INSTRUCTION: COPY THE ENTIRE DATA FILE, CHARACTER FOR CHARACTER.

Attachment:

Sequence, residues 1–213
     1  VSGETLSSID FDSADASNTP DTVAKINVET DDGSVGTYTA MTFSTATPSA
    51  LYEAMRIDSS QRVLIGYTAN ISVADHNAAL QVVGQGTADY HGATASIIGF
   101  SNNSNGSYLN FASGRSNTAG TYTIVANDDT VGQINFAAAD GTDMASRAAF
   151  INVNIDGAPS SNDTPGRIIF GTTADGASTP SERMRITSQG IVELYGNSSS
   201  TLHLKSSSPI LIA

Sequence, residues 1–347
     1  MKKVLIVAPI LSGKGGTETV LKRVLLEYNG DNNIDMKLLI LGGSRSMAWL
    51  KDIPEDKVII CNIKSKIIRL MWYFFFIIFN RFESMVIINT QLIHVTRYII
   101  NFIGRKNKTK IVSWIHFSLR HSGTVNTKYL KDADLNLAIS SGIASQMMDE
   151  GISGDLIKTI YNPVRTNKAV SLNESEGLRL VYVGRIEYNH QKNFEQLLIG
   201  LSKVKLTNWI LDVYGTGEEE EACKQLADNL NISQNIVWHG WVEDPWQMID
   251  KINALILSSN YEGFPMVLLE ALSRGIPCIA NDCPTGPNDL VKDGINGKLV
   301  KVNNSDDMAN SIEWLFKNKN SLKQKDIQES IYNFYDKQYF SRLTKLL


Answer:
Sequence, residues 1–213
     1  VSGETLSSID FDSADASNTP DTVAKINVET DDGSVGTYTA MTFSTATPSA
    51  LYEAMRIDSS QRVLIGYTAN ISVADHNAAL QVVGQGTADY HGATASIIGF
   101  SNNSNGSYLN FASGRSNTAG TYTIVANDDT VGQINFAAAD GTDMASRAAF
   151  INVNIDGAPS SNDTPGRIIF GTTADGASTP SERMRITSQG IVELYGNSSS
   201  TLHLKSSSPI LIA

Sequence, residues 1–347
     1  MKKVLIVAPI LSGKGGTETV LKRVLLEYNG DNNIDMKLLI LGGSRSMAWL
    51  KDIPEDKVII CNIKSKIIRL MWYFFFIIFN RFESMVIINT QLIHVTRYII
   101  NFIGRKNKTK IVSWIHFSLR HSGTVNTKYL KDADLNLAIS SGIASQMMDE
   151  GISGDLIKTI YNPVRTNKAV SLNESEGLRL VYVGRIEYNH QKNFEQLLIG
   201  LSKVKLTNWI LDVYGTGEEE EACKQLADNL NISQNIVWHG WVEDPWQMID
   251  KINALILSSN YEGFPMVLLE ALSRGIPCIA NDCPTGPNDL VKDGINGKLV
   301  KVNNSDDMAN SIEWLFKNKN SLKQKDIQES IYNFYDKQYF SRLTKLL